When it comes to being ethically conscious, our minds are often crowded with a large number of images, unchecked facts and ideas that lead us to a general sense of discomfort and, for the most part, inadequacy.
Concepts such as climate change, footprint, organic materials, slow fashion, becoming a vegetarian, finding out what tofu really is, and why we should eat so many seeds, ultimately send us spiraling into awkwardness.
In a world populated by 7 billion humans (and counting), and as populations and their demands increase, the idea of continuous growth must give way to a more conscious use of the environment, but this can only be brought about by a dramatic change in the attitude of the human race.
It is not just the matter of the ice cap melting and its huge impact on polar bears (but seriously, who doesn’t want to save polar bears?), it is also about choosing a side: are we rooting for a better world for us and our children, or for the other, dreadful scenario?
When the chips are down, are we really willing to do nothing at all, or are we brave enough to take a stand, albeit in a small way?
Personally, I choose the latter, because the alternative is hard to fathom.
But where should one start?
There is one thing that all of us do, at least once a day, every single day: we buy something. Whether it’s a piece of clothing, some food or an object that we don’t really need, we purchase on an ongoing basis, mostly never considering what are we spending our money on. What we buy, we vote for in life. It really is that simple.
Shopping ethically means considering mainly five things: Human & Animal Rights, carbon footprint, profit to the artisan, locally sourced materials and impact on the environment.
You may think that there are no options out there that align with your values, and yet it’s not all doom and gloom: if you educate yourself on notions like sustainable wardrobe and fair trade you might play your part in saving those polar bears after all.
Chapter 1: SHOPPING
Fashion is the mirror of history - King Louis XIV of France
Clothes! We all love clothes, right?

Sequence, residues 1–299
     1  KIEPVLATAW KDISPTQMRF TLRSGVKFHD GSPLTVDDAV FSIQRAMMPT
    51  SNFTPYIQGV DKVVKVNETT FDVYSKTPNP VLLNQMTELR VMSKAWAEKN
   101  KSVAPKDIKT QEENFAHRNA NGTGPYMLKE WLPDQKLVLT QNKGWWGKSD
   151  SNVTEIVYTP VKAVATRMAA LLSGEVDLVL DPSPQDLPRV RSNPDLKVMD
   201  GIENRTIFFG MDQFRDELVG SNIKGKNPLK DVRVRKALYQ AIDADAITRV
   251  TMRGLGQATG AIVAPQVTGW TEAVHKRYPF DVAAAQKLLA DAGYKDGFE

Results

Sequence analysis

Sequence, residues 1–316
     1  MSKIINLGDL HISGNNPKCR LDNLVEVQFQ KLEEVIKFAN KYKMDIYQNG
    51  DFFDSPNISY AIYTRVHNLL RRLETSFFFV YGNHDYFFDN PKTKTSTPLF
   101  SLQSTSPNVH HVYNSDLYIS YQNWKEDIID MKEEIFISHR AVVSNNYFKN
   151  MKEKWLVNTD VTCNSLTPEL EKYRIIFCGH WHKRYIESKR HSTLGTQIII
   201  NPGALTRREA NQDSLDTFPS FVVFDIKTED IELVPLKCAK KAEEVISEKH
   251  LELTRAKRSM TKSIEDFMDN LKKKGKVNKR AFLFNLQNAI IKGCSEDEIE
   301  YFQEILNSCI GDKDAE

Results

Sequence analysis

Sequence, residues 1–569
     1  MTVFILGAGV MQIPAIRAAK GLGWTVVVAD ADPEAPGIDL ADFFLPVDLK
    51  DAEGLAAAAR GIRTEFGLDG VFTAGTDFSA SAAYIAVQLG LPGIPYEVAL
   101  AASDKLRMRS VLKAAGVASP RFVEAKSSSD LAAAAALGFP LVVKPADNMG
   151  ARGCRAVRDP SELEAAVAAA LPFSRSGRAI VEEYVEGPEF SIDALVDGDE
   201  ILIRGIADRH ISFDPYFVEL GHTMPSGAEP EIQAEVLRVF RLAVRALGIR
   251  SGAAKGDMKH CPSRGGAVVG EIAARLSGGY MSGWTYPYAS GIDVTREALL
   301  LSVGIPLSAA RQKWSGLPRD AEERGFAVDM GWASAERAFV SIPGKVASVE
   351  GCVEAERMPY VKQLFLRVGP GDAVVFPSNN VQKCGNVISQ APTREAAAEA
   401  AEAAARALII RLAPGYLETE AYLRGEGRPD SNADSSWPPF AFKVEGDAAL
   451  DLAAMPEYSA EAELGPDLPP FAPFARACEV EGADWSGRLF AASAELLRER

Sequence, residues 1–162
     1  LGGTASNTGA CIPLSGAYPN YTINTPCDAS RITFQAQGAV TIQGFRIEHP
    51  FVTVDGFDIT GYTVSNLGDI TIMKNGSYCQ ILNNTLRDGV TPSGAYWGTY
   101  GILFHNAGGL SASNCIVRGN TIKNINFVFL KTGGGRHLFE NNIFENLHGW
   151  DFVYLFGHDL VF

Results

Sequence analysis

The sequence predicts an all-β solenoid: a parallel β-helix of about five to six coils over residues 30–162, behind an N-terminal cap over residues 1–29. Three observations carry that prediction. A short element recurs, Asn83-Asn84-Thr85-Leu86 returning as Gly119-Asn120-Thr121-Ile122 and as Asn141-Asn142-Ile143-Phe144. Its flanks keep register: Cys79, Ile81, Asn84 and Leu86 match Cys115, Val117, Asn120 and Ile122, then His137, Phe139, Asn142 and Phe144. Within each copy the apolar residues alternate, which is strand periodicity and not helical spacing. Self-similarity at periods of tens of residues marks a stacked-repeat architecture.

There’s nothing better or more deeply satisfying than being able to finally buy that garment we coveted for months.
Likewise, we all loooove buying tons of t-shirts, skirts, dresses, jeans that we don’t actually need simply because they are cheap or for the reason that we are trying to keep up with the latest trend we saw in a magazine.
Every day, before we head out from our homes, we perform the old ritual of getting dressed, undertaking the somewhat silly task of conforming to what’s in season.
We couldn’t possibly wear that shirt and pants from last month… dark salmon and saddle brown are so-not-trendy this week, amirite?
However, did you know that fashion is the second most polluting industry? Or that synthetic clothes take decades to decompose?
Are you aware that, more often than you can imagine, the fashion industry is responsible for workers exploitation and child labor?
All this should come as no surprise but let’s admit it: in a fast-paced world we cannot be bothered with label reading, so we buy in bulk and never deeply consider the consequences of our actions.
Faster growth and higher living standards are the presupposed benefits of globalization, but it is rather acknowledged that these betterments are very unequally distributed around the globe.
Clothing items, exactly like produce, are being sold like disposable goods, fueling the machine of consumption as never before.
In order to manufacture billions of clothes in the fastest way possible, the fashion industry is using a growing number of natural resources, depleting fossil fuels to produce textiles, drying water reserves to grow cotton and endangering extremely fragile ecosystems.
It is utterly important to realise that our collective choices are what could make or break our beloved planet Earth.
This is where the notion of sustainable wardrobe comes to our aid: it is possible to manufacture, sell and buy garments created with consideration to their environmental and social impact.
The Slow Fashion Movement intends to oppose fast fashion, pointing out its polluting behaviour, shabby workmanship and gratuitous consumerism.
Take a hard look at your closet: do you absolutely need everything in there? How many items have you worn in the past 6 months?
What about that pink faux fur… Now that you really think about it, was it really a wise purchase?
And that pile of cheap t-shirts? I bet half of them came out of the washing machine completely ruined.
So, what should one do? Don’t sink into despair: it’s just a matter of picking up some new habits and accepting the fact that less really is more.
Here are 6 simple tips to help you achieve a more sustainable wardrobe.
1. Shop less
Yes, you heard me.
We spend our hard-earned money on nonessential articles instead of focusing on what we actually need. In point of fact our wardrobes are full. Some of them may explode.
Do we honestly need to purchase another pair of jeans, come hell or high water, when we already have a dozen pair of them?
To be completely honest, this is not your fault. The Fast Fashion movement would have us believe that we need to incessantly update our wardrobe in order to stay on trend and never miss on the constant release of new products.
New collections shine through shop windows too many times a year, while until recently there were only two of them, Spring-Summer, & Autumn-Winter. Now we have early spring, summer, late summer, sale early autumn', autumn, late autumn, early winter, winter, late winter, sale - yikes!